Emails detail District 304 labor frustration
GENEVA – “Please do not give another inch.”
“Let them strike. The parents are behind you.”
“Should the Geneva Education Association strike, let the new hiring begin!”
The emails came like an avalanche to the Geneva School District 304 board, especially in the days before the teachers contract was settled Nov. 12.
School attorney Sarah Miller put the letters of support in the hundreds, beginning at the first hint of labor strife in August. Board President Mark Grosso noted in a statement that the amount of correspondence was so great, officials could not respond to each one personally.
Approximately 300 email messages sent to board members from Nov. 1 to 11 were obtained by the Kane County Chronicle through a Freedom of Information Act request. The messages showed most of the public sentiment supported the school board – not the teachers – in the heated contract talks.
At issue was the school board offering a hard salary freeze the first year and teachers resisting. Teachers eventually accepted the freeze, with exceptions for those who qualify for lane advancement and those who submitted retirement notices.
District officials redacted portions of the emails so no identifying information would be available.
A review of the obtained documents show a minority of emails supported the teachers’ position, many from Geneva High School graduates who said they received first-rate educations.
“I stand with Geneva teachers,” wrote a 2005 graduate. “Without the teachers at the Geneva schools I have attended from kindergarten to 12th grade, I wouldn’t be who I am today. … I am grateful for the education they gave me.”
“It seems as though it has been forgotten that teachers teach for their livelihood and are not doing volunteer or charity work,” another graduate wrote. “They are professionals and should be treated and paid as [such].”
From another: “I am willing to spend the money to pay them a decent wage. That is some of the best return on my tax dollars that I know of.”
But the majority of messages to school officials were not in support of the teachers. A recurrent theme was the effect of the economic downturn on personal financial lives.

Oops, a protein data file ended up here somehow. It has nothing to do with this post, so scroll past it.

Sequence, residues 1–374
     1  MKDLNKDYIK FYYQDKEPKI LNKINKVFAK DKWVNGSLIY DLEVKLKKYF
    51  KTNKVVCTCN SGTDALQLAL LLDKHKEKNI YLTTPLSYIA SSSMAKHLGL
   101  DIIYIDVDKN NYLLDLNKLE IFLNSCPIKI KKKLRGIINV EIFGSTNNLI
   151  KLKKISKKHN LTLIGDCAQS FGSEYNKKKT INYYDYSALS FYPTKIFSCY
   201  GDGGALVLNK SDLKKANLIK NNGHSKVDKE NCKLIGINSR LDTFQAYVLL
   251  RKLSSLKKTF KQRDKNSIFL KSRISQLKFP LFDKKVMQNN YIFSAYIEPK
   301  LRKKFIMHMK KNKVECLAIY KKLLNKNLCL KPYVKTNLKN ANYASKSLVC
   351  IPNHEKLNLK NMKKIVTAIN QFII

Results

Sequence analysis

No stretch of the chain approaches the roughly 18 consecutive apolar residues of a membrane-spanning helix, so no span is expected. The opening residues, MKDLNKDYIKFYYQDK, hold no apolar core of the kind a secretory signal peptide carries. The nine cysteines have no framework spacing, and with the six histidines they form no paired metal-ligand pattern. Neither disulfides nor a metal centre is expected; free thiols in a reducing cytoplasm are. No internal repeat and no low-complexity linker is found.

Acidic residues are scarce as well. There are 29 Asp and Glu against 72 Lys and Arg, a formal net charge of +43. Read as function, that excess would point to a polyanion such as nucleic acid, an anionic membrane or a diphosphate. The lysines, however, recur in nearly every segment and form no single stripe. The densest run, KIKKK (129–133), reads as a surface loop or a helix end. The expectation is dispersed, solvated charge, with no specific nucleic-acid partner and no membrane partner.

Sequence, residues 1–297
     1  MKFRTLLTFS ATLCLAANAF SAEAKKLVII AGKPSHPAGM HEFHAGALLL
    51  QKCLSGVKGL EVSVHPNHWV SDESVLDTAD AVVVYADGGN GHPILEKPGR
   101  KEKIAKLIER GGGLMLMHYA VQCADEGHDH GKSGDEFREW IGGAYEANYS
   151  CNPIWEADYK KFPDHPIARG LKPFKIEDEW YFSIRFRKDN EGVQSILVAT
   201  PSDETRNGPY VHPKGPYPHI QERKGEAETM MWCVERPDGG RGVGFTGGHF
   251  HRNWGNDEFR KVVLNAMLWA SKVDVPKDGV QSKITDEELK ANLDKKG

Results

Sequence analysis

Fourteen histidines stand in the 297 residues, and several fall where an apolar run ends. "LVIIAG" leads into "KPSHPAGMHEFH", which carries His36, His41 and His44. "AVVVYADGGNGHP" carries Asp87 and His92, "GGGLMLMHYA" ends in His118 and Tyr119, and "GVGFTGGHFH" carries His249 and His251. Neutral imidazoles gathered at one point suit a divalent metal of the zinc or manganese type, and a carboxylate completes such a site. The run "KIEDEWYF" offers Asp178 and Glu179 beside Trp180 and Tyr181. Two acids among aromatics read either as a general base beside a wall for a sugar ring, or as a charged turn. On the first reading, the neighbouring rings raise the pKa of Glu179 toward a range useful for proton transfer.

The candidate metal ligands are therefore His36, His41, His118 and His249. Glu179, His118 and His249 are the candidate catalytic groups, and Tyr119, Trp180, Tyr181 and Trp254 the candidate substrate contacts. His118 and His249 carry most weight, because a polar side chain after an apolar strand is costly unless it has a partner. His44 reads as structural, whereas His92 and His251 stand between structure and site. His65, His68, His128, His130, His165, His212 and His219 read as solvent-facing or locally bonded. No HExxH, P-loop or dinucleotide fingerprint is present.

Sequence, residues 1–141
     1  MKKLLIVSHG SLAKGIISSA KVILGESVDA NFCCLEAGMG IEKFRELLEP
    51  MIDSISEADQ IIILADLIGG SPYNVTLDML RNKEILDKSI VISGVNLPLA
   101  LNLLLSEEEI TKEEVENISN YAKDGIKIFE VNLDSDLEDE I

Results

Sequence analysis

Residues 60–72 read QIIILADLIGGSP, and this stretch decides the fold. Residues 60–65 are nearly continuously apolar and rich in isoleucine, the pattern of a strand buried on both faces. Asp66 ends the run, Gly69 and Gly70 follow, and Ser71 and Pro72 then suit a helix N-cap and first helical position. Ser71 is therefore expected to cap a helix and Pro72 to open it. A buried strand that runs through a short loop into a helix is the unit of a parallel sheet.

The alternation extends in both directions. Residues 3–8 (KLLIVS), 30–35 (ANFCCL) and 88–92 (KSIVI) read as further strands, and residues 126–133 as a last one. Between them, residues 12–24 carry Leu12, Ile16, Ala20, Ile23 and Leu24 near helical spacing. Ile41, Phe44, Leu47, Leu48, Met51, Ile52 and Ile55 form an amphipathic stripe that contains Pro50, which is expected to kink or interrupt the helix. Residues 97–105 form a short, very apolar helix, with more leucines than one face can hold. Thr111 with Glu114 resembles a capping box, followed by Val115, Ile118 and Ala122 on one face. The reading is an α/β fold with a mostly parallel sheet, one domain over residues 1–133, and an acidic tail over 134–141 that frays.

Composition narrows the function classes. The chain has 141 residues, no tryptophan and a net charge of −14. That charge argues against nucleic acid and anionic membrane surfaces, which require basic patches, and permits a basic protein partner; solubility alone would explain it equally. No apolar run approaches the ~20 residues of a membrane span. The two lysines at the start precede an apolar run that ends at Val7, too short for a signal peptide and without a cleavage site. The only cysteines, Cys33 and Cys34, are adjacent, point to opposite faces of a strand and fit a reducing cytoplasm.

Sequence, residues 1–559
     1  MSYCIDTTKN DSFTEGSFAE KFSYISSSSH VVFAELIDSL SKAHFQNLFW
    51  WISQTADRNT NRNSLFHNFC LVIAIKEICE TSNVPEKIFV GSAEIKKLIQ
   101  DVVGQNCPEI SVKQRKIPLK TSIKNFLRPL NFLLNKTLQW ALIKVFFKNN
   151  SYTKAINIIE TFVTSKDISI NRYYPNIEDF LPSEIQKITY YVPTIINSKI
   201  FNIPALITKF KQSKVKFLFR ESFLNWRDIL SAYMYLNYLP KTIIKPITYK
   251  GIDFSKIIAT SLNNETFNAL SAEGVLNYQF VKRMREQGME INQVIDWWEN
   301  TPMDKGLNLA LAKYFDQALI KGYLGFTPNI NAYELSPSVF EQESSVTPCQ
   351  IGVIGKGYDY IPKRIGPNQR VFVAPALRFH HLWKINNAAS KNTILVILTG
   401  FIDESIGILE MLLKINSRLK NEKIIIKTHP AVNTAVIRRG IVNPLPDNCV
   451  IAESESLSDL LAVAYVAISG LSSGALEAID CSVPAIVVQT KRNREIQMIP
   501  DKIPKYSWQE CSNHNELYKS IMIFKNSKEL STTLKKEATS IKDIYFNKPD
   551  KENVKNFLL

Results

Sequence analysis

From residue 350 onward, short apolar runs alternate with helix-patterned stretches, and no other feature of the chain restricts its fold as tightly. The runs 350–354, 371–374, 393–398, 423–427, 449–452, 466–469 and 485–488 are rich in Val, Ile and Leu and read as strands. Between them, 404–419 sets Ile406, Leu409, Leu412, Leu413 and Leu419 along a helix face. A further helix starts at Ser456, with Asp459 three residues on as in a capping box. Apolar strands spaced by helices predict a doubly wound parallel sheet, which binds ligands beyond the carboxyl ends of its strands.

“Our home value has gone down over $150,000 ... yet taxes continue to increase,” wrote one community member.
“I am fortunate to still have a job, but my health care costs have increased each year … as have my property taxes,” one email stated. “How can we be asked to pay for higher teacher salaries … unimaginable to taxpayers struggling to make ends meet.”
Some community members urged school officials to let teachers strike – and then to replace them.
“The teachers have to realize we do not have unlimited resources,” wrote another community member. “If they choose to strike, it is on them. At that point, the board should strongly consider permanent replacement teachers ...”
“I recognize the ‘double edge’ sword of our property values and an excellent school district,” states another email. “I don’t buy into the argument that you can ‘buy’ the best school system and at the expense of bankrupting the community.”
Another person who emailed announced a decision to move.
“This whole process has given us the extra push to put the sign in the yard and get out,” the community member wrote. “There will be one less student to pay for next year and the following year, our younger one would have attended as well.”
Teachers union President Carol Young said she could understand the persistent theme in the emails sent to the school board, but parent-teacher relationships seemed largely intact.
“We had parent-teacher conferences after the strike was averted, and – for the most part – they were fine,” Young said. “I know of one teacher that had a parent ream her out, but mostly the conferences were positive.”
School officials reported that the FOIA request cost $762.30 in employee and attorney time.